Complaint against Milwaukee voucher plan

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Disability Rights Wisconsin, the American Civil Liberties Union and the ACLU of Wisconsin filed a complaint with the U.S. Department of Justice Civil Rights Division today, charging that the nation’s most extensive school voucher program discriminates against students with disabilities.

The complaint aims to block recent legislation that aims to expand the Milwaukee’s Parental School Choice Program, which provides vouchers for about 20 percent of the city’s students to attend private schools, until the Department of Justice investigates the system to ensure students with disabilities are provided equal access to its services.

In the 2010-11 school year, just 1.6 percent of the approximately 20,000 students participating in the voucher program contained disabilities. In the Milwaukee Public School District, about 19.5 percent of students have disabilities.

“The practical and actual effect of the voucher school program is to create a dual system of education in Milwaukee, concentrating large numbers, and increasing proportions, of students with disabilities in (the Milwaukee Public School District), while giving non-disabled students the option of choosing either a private voucher school or staying in a public school, leading to the increasing segregation of children with disabilities in (the Milwaukee Public School District),” according to the complaint.

The advocacy groups argue that the private schools involved in the program are failing to provide reasonable accommodations to enroll students with disabilities, in violation of the Americans with Disabilities Act. The complaint, filed on behalf of two families whose children were either not accepted or expelled from the voucher program, cites a case where a school demanded that a child with attention deficit hyperactivity disorder be given certain medications that were not proscribed by his doctor.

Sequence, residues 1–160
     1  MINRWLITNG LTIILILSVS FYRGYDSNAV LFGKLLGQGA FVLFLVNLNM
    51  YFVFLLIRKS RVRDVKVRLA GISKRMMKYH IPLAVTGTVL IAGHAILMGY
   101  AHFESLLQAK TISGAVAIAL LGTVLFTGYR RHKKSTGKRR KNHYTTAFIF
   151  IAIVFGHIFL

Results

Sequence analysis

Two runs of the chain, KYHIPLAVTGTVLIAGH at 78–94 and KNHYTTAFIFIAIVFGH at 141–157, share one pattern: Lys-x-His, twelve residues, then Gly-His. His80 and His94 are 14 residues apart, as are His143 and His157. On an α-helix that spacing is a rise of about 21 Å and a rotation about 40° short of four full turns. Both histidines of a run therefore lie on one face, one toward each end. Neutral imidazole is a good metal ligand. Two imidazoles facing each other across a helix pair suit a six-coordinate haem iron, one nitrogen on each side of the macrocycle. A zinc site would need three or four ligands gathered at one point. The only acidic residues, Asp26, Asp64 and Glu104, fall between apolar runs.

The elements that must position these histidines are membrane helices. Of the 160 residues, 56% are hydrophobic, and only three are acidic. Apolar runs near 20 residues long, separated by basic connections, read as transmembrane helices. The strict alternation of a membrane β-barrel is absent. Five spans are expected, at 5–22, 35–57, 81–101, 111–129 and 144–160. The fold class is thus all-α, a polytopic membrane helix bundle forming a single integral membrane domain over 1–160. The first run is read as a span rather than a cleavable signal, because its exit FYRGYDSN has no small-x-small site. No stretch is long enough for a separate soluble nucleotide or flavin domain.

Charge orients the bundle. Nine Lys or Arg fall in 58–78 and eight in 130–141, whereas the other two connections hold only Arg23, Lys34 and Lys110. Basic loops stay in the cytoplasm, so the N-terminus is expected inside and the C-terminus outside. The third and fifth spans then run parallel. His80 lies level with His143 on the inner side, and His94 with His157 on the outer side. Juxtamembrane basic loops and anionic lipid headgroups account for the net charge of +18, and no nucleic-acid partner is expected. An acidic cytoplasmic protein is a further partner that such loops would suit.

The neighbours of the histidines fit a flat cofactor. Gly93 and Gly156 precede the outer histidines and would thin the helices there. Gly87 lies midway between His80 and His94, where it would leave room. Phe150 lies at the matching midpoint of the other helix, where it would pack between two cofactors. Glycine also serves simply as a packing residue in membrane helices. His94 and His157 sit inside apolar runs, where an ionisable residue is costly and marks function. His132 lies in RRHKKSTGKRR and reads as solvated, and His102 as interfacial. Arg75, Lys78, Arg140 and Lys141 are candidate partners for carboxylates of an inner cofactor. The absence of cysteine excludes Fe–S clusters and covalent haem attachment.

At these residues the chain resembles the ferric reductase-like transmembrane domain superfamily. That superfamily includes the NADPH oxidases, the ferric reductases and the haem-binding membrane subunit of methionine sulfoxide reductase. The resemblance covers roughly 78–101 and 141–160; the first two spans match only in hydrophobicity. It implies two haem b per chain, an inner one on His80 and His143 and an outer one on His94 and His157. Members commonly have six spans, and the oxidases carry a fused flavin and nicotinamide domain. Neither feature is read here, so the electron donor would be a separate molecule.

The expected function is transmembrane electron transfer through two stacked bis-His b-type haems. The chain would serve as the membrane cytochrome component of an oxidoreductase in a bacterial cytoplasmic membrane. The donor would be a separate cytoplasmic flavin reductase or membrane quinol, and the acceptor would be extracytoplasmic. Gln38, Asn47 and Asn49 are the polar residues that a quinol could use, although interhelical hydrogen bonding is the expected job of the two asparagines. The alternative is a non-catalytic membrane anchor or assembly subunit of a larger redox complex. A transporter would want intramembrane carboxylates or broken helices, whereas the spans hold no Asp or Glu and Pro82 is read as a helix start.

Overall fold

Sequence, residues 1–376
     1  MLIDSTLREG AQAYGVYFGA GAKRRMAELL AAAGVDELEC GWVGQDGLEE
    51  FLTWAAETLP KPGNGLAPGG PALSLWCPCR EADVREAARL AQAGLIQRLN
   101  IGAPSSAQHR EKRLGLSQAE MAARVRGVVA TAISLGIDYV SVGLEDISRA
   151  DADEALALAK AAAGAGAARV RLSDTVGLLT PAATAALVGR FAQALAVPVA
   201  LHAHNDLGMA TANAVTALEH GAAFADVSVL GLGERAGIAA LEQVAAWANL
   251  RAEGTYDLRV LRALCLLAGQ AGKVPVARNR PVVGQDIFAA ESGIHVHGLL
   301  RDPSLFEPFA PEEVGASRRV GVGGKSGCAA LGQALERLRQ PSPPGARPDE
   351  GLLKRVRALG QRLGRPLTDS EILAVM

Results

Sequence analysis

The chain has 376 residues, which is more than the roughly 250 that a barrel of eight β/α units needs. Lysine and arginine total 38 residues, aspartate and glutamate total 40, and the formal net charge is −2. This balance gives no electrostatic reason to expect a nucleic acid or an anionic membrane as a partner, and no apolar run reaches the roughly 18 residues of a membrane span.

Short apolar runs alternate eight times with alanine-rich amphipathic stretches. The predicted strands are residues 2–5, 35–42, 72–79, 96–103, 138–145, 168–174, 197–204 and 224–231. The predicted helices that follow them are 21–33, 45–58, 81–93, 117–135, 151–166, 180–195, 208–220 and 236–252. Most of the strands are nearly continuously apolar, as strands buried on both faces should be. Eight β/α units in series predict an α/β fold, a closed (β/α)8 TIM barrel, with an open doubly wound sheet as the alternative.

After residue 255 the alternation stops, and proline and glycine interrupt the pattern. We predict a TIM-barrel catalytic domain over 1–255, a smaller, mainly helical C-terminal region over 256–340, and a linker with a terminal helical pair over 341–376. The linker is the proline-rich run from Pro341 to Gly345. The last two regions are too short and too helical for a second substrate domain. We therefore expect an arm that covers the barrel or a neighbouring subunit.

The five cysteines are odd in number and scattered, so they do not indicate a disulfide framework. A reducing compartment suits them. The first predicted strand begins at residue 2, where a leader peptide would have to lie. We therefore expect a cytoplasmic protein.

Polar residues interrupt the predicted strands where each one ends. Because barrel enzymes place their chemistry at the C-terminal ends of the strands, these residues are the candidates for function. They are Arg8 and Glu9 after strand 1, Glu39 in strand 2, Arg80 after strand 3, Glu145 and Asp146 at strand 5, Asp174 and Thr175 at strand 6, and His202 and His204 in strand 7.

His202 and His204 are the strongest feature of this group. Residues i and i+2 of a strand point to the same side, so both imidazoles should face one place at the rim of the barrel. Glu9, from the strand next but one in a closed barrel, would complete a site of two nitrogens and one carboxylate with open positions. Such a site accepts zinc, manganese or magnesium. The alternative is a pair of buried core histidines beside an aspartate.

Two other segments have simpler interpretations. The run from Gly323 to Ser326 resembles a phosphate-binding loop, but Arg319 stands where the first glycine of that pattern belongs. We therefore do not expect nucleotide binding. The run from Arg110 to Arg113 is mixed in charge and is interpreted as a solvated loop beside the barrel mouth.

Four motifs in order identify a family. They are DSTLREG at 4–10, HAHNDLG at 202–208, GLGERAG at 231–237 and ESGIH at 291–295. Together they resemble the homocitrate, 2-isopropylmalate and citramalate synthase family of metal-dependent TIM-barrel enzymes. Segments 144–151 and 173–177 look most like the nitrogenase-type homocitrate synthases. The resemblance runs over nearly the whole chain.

The complaint also argues that the voucher program has changed and expanded in the past 20 years to the extent that it is private “in name only.” Therefore, the advocacy groups argue, the private schools participating in the voucher program should now be treated as public institutions and be required to accommodate certain students through special education programs, as required in public schools through the Individuals with Disabilities Education Act.

About 72 percent of Milwaukee’s private school students are enrolled through the voucher program.

Recent legislation, promoted by Gov. Scott Walker and passed by the legislature’s joint joint Finance Committee, would eliminate the program’s enrollment cap and expand it to all of Milwaukee County. All students coming from household incomes of 300 percent or below the poverty line would also become eligible, as opposed to the previous cap of 175 percent.

Disability Rights Wisconsin is part of the federally funded protection and advocacy system and a member of the National Disability Rights Network.

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